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I'm reading about Variational auto-encoders, and in section 1.8 they describe a latent variable model $p_\theta(x,z)$ where x are observed and z are hidden variables. They say that the marginal distribution over observed variables for a single datapoint is $p_\theta(x)=\int p_\theta(x,z)dz$. They proceed to say that this integral does not have an analytic solution or efficient estimator. Why is that? why can't we sample some values of z according to its prior and get a decent estimate of the distribution of x?

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The apparent simplicity of latent variables marginalization disappears as soon as you consider that $z$ is not necessarily a scalar, but might be a set of (possibly correlated) high-dimensional vectors. In my examples, I will consider the case where $z$ takes discrete values, although these examples readily extend to the case where $z$ is a continuous variable.

Firstly, let's assume we have $T$ i.i.d. observations $x = [x_1,\dots,x_T]$, with corresponding latent variables $z = [z_1,\dots,z_T]$. We also assume that $z_t$ is a scalar which can take $N$ possible values in $\{1,\dots,N\}$. Then the marginal distribution for a single observation can be easily computed:

$$ p_{\theta}(x_t) = \sum_{i=1}^N p_{\theta}(x_t,z_t=i) $$

Furthermore, if observations are i.i.d., then the probability distribution of the vector $x$ is simply

$$ p_{\theta}(x) = \prod_{t=1}^T p_{\theta}(x_t) $$

which algorithmic complexity is simply going to scale with $TN$. Fairly ok.

Now, consider that each $z_t$ is not a scalar, but rather a $M$-dimensional vector $z_t = [z_t^{(1)},\dots,z_t^{(M)}]$, where each element $z_t^{(\cdot)}$ can also take $N$ possible values in $\{1,\dots,N\}$. Then

$$ p_{\theta}(x_t) = \sum_{i=1}^N \sum_{j=1}^N \sum_{k=1}^N \cdots p_{\theta}(x_t,z_t^{(1)} = i, z_t^{(2)} = j, z_t^{(3)} = k, \dots) $$

This time, the algorithmic complexity is going to scale exponentially with $M$. Not ok.

This gets even worse if observations are correlated, e.g. if they are drawn from a Hidden Markov Chain where $p_{\theta}(z) = p_{\theta}(z_1) \prod_{t=2}^T p_{\theta}(z_{t}|z_{t-1})$. The likelihood $p_{\theta}(x)$ can be computed using the Baum-Welch algorithm, which complexity will scale with $TN^{2M}$. Not ok at all.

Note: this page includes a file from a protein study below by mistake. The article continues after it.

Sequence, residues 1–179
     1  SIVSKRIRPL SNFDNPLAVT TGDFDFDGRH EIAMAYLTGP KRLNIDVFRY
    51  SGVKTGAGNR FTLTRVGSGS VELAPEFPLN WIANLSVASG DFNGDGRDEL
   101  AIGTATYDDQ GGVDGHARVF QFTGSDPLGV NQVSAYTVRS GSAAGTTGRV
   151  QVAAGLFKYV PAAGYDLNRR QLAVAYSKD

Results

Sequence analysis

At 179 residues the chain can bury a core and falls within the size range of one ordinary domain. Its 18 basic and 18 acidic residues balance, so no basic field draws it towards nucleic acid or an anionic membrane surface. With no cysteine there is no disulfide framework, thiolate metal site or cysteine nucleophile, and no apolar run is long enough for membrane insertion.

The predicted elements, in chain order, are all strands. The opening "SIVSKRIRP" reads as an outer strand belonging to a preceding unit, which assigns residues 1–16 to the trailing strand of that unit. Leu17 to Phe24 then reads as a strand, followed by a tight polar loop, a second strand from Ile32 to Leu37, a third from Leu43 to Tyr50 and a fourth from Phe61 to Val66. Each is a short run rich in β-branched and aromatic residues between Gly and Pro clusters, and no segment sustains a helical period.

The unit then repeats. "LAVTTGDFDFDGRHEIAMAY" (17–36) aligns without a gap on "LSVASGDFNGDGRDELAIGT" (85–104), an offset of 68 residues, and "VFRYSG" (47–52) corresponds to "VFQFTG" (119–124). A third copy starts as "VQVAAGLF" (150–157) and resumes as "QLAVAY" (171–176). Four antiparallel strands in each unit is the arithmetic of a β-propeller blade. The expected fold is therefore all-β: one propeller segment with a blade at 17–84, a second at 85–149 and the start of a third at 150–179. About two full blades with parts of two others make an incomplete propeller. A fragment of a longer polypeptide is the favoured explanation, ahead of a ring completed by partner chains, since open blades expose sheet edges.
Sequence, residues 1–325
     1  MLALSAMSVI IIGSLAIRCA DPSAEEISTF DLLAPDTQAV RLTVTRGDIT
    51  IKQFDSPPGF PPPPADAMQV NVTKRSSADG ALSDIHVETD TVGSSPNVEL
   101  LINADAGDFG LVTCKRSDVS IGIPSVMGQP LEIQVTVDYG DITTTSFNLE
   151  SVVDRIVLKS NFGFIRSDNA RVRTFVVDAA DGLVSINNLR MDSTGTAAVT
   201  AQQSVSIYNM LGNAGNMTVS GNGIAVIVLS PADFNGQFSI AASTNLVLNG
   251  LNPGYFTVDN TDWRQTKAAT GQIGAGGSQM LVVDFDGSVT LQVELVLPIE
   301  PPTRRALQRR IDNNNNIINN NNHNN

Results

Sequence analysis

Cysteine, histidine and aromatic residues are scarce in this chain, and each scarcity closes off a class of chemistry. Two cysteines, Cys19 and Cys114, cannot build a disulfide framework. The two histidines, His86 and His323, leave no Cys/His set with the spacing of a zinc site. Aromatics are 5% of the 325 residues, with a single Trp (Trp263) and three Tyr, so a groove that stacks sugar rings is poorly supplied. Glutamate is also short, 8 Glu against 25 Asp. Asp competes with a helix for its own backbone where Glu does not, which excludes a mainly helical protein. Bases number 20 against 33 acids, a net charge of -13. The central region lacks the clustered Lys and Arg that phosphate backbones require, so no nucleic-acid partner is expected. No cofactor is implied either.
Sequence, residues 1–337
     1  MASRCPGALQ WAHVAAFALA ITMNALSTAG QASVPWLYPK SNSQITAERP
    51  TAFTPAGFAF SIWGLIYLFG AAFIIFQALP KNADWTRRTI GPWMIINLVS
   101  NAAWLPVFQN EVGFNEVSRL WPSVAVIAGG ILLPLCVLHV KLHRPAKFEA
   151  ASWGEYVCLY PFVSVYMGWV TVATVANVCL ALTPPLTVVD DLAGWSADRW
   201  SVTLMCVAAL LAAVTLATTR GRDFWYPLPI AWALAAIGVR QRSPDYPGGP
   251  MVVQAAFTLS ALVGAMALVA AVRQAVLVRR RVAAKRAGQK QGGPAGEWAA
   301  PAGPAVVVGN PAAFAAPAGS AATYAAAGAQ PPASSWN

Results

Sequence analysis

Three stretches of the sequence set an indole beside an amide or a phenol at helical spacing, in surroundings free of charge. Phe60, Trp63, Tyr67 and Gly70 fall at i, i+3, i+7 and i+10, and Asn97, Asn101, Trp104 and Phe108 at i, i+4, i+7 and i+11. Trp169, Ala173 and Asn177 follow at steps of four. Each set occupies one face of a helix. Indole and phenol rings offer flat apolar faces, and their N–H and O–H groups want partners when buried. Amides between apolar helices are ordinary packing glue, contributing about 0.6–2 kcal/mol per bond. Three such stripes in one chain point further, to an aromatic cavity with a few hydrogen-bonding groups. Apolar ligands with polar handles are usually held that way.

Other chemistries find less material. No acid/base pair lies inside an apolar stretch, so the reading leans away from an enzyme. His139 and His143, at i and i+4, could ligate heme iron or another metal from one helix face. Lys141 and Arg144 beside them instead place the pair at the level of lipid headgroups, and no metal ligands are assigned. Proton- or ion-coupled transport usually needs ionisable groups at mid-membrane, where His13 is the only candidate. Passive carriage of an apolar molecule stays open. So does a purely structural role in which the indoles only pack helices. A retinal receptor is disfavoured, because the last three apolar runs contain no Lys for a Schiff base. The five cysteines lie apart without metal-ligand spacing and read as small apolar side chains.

Since most problems in real life imply high-dimensional latent variables (consider, for instance the problem of Bayesian Model inference, where the vector $\theta$ may contain dozens of parameters), simplicity is the exception, and not the norm. Marginalizing out latent variables is far from being an easy problem in machine learning.

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  • $\begingroup$ thanks! but can't we estimate by sampling from z according to their prior? $\endgroup$
    – ihadanny
    Commented Oct 2, 2022 at 6:58
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    $\begingroup$ No, we would have the same issue : the number of samples you would need to estimate $p(z)$ increases with the dimension of $z$ (this is called the curse of dimensionality). Besides, there is no reason for your prior to be close to the true distribution of $z$. $\endgroup$ Commented Oct 2, 2022 at 9:11
  • $\begingroup$ thanks again, so why are these two problems alleviated once we do the reparameterization trick? the number of samples needed is still large, and still there's no reason for the prior to be close to the true distribution, BUT now they claim that we can do a simple monte carlo estimation, by using a single noise sample at a time $\endgroup$
    – ihadanny
    Commented Oct 9, 2022 at 9:39

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